Moving toward a modern approach to customer experience


Everyone is still trying to make sense of CX.

Chances are you’ve encountered endlessly diverse interpretations, opinions, strategies, theories and analyses by now about the emergence of customer experience (CX) as a fundamental business strategy. However, one principle connects them all: CX is critical, and it will only become more important as digital consumerism grows.

Harvard Business Review defines CX as “the cumulative impact of your customer’s end-to-end journey with you, the multiple touchpoints over time which create a true competitive advantage to companies that get it right.”

CX must take shape as a holistic strategy that begins at the consumer level — before they become customers — beginning with a consumer’s very first interaction with your brand, wherever and whenever they encounter it.

Institutions need to create a consistent, true-to-brand, multichannel engagement strategy that marries customer expectations with organizational goals in order to turn consumers searching for information and acceptance into high-value customers for life.

The story of CX unfolds in five parts:

1. Market differentiation

The time to supercharge your customer data has arrived. As rapidly advancing technology and innovation threaten old-world value propositions, financial institutions find themselves forced to shift their focus from simply providing “service” to using vast amounts of stagnating customer data to deliver “experiences” in order to stand out and compete.

So how many brands truly deliver an excellent customer experience? Surprisingly, not many: More than 50% of banking providers consider themselves ahead of the competition when it comes to the relevance of their messaging, product and service personalization, but consumers do not agree, according to a Forrester study conducted on behalf of Equifax.

To stake your claim as a customer-centric institution, you have to constantly stay in touch with your customers’ experiences. Delivering world-class service and building consistent customer experiences requires you to gather actionable insights from every engagement touchpoint you can.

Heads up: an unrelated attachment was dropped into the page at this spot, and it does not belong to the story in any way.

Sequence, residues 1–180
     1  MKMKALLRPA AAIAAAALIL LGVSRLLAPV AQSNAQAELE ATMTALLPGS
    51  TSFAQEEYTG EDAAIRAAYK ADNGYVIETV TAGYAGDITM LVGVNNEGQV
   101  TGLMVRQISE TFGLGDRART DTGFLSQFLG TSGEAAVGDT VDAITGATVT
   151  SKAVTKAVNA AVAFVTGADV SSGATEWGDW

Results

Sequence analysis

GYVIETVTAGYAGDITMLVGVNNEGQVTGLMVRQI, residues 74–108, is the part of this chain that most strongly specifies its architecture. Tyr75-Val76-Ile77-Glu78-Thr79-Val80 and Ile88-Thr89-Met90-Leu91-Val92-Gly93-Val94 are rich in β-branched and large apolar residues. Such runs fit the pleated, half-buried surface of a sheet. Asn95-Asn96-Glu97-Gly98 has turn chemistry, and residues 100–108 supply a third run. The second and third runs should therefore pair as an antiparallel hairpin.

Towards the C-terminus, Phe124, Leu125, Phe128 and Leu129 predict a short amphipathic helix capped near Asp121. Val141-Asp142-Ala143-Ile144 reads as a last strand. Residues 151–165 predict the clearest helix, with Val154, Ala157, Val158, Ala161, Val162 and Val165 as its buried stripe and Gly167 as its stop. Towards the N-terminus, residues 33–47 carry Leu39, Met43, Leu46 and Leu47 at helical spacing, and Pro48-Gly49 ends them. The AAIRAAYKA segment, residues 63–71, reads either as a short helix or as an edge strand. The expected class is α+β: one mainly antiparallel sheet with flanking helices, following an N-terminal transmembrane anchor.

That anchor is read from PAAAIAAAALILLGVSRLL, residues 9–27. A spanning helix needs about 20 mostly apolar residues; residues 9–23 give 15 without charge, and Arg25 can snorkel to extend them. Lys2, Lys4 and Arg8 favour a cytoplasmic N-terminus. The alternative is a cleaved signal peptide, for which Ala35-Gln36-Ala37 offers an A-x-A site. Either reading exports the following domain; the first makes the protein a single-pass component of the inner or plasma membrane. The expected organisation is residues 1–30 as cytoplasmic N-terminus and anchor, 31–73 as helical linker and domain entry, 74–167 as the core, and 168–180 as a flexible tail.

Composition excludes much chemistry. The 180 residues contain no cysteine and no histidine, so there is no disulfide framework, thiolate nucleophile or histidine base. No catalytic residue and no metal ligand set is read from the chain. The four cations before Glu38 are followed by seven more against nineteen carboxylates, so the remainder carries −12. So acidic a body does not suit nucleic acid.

So, what’s the financial upside of CX? That’s the million-dollar question.

2. Revenue impact

CX is unlike everything else you measure. It’s not a short-term/today line-item metric or KPI — it’s long term. It’s a lifetime journey across all touchpoints and channels. The ultimate measurement for customer experience is customer lifetime value.

That said, CX and revenue are linked incrementally, and service improvements can result in significant long-term gains.

A recent study by McKinsey & Company found that, on average, brands that improve CX increase revenue by 10 to 15%.

Consumers want to feel understood as individuals by receiving relevant offers and messaging. But in reality, financial institutions struggle to use customer data to create more meaningful experiences — even when excelling at CX just a little bit more than the competition gets you noticed.

Clearly, customers will pay more for a better experience. By simply prioritizing CX, you can more easily meet and exceed long-term revenue goals by increasing wallet share, lessening costly attrition, reducing operating costs and boosting your bottom line.

3. Delivering relevance

Consumers want inclusion. They crave hyper-personalized experiences. Every generation wants it and each reacts differently, but that personal touch makes people of any age feel seen and understood.